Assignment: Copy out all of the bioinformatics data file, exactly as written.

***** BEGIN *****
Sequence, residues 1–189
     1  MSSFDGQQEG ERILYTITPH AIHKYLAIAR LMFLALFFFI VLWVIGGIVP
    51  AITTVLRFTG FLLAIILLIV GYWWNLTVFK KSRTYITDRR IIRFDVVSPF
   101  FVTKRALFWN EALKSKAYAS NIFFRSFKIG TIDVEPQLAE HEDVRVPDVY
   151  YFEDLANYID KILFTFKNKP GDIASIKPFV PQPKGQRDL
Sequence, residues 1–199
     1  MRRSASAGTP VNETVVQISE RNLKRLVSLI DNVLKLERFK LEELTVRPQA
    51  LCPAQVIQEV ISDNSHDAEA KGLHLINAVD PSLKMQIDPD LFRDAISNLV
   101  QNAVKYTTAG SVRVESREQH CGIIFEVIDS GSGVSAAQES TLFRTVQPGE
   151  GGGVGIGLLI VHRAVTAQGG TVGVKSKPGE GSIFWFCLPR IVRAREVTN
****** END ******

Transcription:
Sequence, residues 1–189
     1  MSSFDGQQEG ERILYTITPH AIHKYLAIAR LMFLALFFFI VLWVIGGIVP
    51  AITTVLRFTG FLLAIILLIV GYWWNLTVFK KSRTYITDRR IIRFDVVSPF
   101  FVTKRALFWN EALKSKAYAS NIFFRSFKIG TIDVEPQLAE HEDVRVPDVY
   151  YFEDLANYID KILFTFKNKP GDIASIKPFV PQPKGQRDL
Sequence, residues 1–199
     1  MRRSASAGTP VNETVVQISE RNLKRLVSLI DNVLKLERFK LEELTVRPQA
    51  LCPAQVIQEV ISDNSHDAEA KGLHLINAVD PSLKMQIDPD LFRDAISNLV
   101  QNAVKYTTAG SVRVESREQH CGIIFEVIDS GSGVSAAQES TLFRTVQPGE
   151  GGGVGIGLLI VHRAVTAQGG TVGVKSKPGE GSIFWFCLPR IVRAREVTN